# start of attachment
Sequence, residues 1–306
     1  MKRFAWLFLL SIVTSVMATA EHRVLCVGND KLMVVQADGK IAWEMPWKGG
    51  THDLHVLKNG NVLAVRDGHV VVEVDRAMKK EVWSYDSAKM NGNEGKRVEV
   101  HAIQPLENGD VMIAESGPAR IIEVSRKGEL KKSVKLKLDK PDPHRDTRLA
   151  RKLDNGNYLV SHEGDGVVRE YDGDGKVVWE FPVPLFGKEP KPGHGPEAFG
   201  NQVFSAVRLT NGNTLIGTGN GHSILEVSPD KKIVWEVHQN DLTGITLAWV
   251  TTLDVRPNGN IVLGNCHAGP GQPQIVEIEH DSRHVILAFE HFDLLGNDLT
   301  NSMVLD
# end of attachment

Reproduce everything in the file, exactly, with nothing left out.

Sequence, residues 1–306
     1  MKRFAWLFLL SIVTSVMATA EHRVLCVGND KLMVVQADGK IAWEMPWKGG
    51  THDLHVLKNG NVLAVRDGHV VVEVDRAMKK EVWSYDSAKM NGNEGKRVEV
   101  HAIQPLENGD VMIAESGPAR IIEVSRKGEL KKSVKLKLDK PDPHRDTRLA
   151  RKLDNGNYLV SHEGDGVVRE YDGDGKVVWE FPVPLFGKEP KPGHGPEAFG
   201  NQVFSAVRLT NGNTLIGTGN GHSILEVSPD KKIVWEVHQN DLTGITLAWV
   251  TTLDVRPNGN IVLGNCHAGP GQPQIVEIEH DSRHVILAFE HFDLLGNDLT
   301  NSMVLD